So, back to Sam’s question. Are there compelling reasons to follow the Pistons this season if you can’t be sure when it tips off that it will end with them in the playoffs?

And, yeah, I don’t qualify as a non-partisan observer here, but I can’t imagine anyone remotely interested in basketball or anyone with so much as a passing interest in the Pistons not being at least mildly intrigued by the possibilities for the season ahead.

Is Rodney Stuckey on the verge of achieving consistency and will that translate into thrusting himself into the conversation for All-Star status after playing at that level for two months last season between injuries?

Can Drummond give them enough of the “wow” plays – the big blocks, dunks, boards, transition chances – to offset the inevitable lapses that come with the growing pains of a teenager?

How much of a jump will Knight take in his second season, this one without any of the handicaps the lockout imposed?

Can Monroe make the same leap from year two to three as he did from year one to two? Is he ready to shoulder the burden of being the focal point of the offense?

What tweaks will Lawrence Frank make to the offense after a year of familiarizing himself with his personnel?

Can Arnie Kander keep Corey Maggette healthy and, if so, in what ways will his unique ability to attack the rim and get to the foul line spill over to help the Pistons in other areas?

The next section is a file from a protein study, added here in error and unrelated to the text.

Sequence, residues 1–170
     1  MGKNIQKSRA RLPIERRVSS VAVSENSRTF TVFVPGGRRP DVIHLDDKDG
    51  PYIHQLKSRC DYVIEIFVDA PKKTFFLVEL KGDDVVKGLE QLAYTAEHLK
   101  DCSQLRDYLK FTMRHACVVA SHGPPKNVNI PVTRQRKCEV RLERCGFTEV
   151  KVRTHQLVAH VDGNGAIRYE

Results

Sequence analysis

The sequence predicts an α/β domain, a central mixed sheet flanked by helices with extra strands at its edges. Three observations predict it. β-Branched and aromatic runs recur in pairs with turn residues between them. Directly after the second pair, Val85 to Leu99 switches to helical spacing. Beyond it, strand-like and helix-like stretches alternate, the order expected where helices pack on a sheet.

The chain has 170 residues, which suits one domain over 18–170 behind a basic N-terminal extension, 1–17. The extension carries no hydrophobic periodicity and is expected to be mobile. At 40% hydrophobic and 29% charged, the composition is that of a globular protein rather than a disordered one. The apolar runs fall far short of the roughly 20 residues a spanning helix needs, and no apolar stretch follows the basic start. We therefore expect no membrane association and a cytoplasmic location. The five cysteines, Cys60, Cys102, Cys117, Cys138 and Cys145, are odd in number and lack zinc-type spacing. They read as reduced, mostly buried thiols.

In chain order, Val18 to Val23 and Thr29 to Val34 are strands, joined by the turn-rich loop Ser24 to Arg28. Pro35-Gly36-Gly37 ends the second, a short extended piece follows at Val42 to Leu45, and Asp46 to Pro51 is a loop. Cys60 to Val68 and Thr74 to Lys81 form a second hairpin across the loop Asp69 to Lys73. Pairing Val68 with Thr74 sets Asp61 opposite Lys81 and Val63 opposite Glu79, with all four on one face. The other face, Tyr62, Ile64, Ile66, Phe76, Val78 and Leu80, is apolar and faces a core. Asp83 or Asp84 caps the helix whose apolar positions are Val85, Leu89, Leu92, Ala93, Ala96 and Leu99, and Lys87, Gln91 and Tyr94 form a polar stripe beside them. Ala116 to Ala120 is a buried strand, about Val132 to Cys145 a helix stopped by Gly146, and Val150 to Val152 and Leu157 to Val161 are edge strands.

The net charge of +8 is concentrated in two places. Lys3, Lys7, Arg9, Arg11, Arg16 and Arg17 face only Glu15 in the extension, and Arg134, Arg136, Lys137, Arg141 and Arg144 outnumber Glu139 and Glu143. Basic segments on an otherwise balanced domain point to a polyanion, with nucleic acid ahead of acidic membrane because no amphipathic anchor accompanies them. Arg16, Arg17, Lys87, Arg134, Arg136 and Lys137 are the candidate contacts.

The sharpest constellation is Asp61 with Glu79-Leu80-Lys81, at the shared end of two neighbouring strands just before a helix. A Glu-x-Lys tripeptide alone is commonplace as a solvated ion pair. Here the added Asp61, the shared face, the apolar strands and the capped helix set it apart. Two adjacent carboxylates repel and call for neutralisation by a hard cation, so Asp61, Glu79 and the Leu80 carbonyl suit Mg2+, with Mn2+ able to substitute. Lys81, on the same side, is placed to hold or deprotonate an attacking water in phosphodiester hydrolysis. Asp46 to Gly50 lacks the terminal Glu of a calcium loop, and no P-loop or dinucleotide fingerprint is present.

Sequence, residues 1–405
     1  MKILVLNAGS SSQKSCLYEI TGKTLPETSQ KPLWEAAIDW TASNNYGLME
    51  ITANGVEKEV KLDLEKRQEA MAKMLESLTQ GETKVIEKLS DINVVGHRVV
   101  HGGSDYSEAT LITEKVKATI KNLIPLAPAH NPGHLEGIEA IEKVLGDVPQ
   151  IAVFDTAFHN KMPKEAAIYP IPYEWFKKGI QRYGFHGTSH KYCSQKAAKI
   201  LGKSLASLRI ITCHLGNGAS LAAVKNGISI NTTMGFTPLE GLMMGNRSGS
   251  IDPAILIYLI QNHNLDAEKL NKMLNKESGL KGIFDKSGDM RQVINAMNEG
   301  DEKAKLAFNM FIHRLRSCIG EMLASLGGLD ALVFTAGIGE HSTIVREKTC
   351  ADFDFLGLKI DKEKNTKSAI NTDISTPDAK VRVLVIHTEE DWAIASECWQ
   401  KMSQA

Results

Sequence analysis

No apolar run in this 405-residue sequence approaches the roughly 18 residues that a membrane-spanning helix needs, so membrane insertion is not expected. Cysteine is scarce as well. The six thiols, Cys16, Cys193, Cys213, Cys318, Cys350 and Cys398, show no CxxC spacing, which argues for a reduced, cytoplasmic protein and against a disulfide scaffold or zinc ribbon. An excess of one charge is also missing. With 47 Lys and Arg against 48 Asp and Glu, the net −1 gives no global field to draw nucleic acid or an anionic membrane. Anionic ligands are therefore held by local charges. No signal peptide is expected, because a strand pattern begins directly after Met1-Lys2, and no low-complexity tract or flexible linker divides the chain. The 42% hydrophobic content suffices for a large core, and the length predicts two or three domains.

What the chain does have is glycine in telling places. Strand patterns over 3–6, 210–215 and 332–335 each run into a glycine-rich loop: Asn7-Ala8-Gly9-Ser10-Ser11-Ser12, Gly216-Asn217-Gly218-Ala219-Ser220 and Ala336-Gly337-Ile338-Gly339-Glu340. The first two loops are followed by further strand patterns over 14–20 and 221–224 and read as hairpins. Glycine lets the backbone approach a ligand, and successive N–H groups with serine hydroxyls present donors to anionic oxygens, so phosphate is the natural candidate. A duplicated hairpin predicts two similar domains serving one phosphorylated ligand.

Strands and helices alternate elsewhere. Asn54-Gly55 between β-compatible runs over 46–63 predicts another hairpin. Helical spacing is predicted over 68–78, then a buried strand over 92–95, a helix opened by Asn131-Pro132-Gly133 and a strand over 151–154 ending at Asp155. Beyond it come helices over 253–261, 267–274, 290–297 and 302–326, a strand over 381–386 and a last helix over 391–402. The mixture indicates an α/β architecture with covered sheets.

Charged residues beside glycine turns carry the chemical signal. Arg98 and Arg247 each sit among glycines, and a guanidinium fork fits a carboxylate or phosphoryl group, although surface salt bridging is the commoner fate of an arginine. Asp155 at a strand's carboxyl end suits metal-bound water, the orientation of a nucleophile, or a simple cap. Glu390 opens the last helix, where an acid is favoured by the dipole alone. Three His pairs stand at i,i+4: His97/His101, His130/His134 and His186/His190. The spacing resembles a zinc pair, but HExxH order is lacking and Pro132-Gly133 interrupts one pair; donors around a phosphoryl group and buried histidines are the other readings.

Will the impressive Summer League performances of rookies Kyle Singler and Kim English, both of whom gave strong indications they are ready to handle spots in the rotation, carry over to the regular season?

How does the athleticism and size that Ukrainian 7-footer Slava Kravtsov displays on video translate to the NBA and will he overcome the cultural and language barriers to easily integrate himself into the team?

And that’s not a full list. Austin Daye and Charlie Villanueva are both eager to carve out a spot in the rotation. Jonas Jerebko, that much further removed from his Achilles tendon tear, could be ready to assume an even greater role. Jason Maxiell, in a contract year, will be as motivated as ever to prove he belongs in any conversation of the Pistsons’ future. Tayshaun Prince, perhaps for the first time since his rookie season, has real competition for minutes at small forward if Maggette and Singler are as expected. Will Bynum, with Ben Gordon no longer around, is going to go full bore to prove he deserves first crack at filling the role of first guard off the bench.

Frank is going to have a full plate when training camp opens, to be sure. He has infinitely more options to consider this season than last. With some coaches, you might worry about the complexity overwhelming him. Frank will have considered every contingency well before early October arrives and camp opens, if he hasn’t already.

He has a four-day retreat planned for the end of August with his full staff. They’ve each been given a laundry list of projects to research and present. They’ll have plenty to chew on. It’s in all of those things we’ve listed.

So what do you say, Sam? I won’t guarantee the playoffs, but are there not reasons enough to give them another look?